But I bet most don't want to do the work to get one.
 

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I will however be incorporating liquid cooling into the battery system, as evidenced by the blue chill plates sitting on top of and below the batteries. Not sure if I'll do a 3rd row, they weigh around 7kg each, so at this point, I think if I'm doing better than Nissan, I'm doing good enough. I doubt I'll be fast charging much or putting her under super high workloads, so this should be more than sufficient.
While I don't think there's any question that an active thermal management system is good for performance and reliability, I'm not sure how much benefit there will be in this case. Each module is a stack of four pouch cells, and this pack is composed of double modules, so each double module is a stack of 8 cells. That means that there is a chill plate on the face of each module, adjacent to one cell but further away from the other cells. In the two-layer scheme, the upper double modules are sandwiched between chill plates top and bottom, but the lower double modules have a chill plate on only the top side. If cooling (or heating) is attempted at a significant rate, there will be a substantial temperature difference between cells, depending on how far they are from the closest chill plate.

In module of stacked pouch cells designed for liquid cooling, there is either a fin with circulating liquid between each pair of cells (the LG Chem design for the Chevrolet Volt), or a thermally conductive sheet between each cell pair contacts a chill plate along the long edge of the cell (such as the LG Chem design for the Chrysler Pacifica and Chevrolet Bolt). That's a lot more even than cooling (or heating) the top face of a stack of horizontal cells.

It would be interesting to place temperature sensors at extreme locations within the pack and see the temperature distribution while actively cooling (or heating).
 

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The whole pack will also be bolted to the car by my estimate, around 8 M17 Bolts either side...
Do you really mean M17 bolts, and sixteen of them? I don't think I've ever seen a bolt that large on a car. M14 is about the top end; wheel bolts are typically only M12. What size are the bolts holding the packs up into the NV200e and Leaf?

Honestly, for a home project, I'm probably overkill on the effort, however the last thing I want if to one day get in a crash if it happens, plan for the worst, expect the best, but in a crash the last thing I want to do is flip the car and send a 400kg battery straight through the front of a McDonald's or a School and then have it catch fire.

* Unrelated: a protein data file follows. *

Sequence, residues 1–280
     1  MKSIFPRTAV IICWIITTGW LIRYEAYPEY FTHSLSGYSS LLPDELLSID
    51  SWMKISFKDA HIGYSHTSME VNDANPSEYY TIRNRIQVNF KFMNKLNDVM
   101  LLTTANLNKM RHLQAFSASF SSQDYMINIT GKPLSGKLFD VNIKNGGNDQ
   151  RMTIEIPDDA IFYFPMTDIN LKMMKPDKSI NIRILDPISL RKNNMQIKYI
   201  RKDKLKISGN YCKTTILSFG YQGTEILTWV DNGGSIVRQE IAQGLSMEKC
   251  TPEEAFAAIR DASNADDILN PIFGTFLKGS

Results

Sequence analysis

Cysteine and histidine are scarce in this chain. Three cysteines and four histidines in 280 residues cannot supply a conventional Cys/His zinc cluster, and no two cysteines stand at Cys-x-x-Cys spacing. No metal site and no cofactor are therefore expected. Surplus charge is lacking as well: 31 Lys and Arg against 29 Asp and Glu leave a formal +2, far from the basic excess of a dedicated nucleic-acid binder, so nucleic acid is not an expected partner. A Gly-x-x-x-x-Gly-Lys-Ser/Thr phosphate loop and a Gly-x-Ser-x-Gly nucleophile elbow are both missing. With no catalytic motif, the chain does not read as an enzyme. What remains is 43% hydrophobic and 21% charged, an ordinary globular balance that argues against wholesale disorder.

I don't think the design effort is overkill. Whether it is a single homebuilt unit or one of a million production vehicles, the hazards are the same and it is worth doing properly. The big difference is that a high-volume production design justifies more thorough optimization (for weight, and manufacturability, but mostly for cost).

I'm really impressed by the thought and attention in this design. (y)
 

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That CAD is looking amazing! Glad to see you're being careful about battery storage (I'm not, might have to fix that someday).

I have 2 things to say -- first, the Leaf/eNV200 is 96 cells, packed into 48 modules, so you need 96 (97) cell taps for the BMS.
Second, that awesome 48-position plug and socket is only rated for 125v, and if you use 2 of those there will still be ~180v across each plug. I hope you can test those thoroughly before installing - a 180v short isn't pretty.
 

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I have 2 things to say -- first, the Leaf/eNV200 is 96 cells, packed into 48 modules, so you need 96 (97) cell taps for the BMS.
Second, that awesome 48-position plug and socket is only rated for 125v, and if you use 2 of those there will still be ~180v across each plug. I hope you can test those thoroughly before installing - a 180v short isn't pretty.
Good catch - I skimmed past the BMS details so I missed both the off-by-factor-of-two pin count and the voltage rating.

It's actually 192 cells, but 96 groups of two cells in parallel each (96S 2P), so for BMS purposes the important part is the 96S configuration. The centre tap terminals of each module are actually in the CAD renderings, although they appear to be shown as identical to the power terminals (I assume they're actually smaller, as they are in a Leaf: power terminals are M6 and the centre tap terminal is M4, and the post is a smaller square). This image provided by daltonguitar in another DIY Electric Car thread nicely illustrates the terminals (of an early Leaf single module) and how they relate to the internal configuration:
 

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Discussion Starter #18
Good catch - I skimmed past the BMS details so I missed both the off-by-factor-of-two pin count and the voltage rating.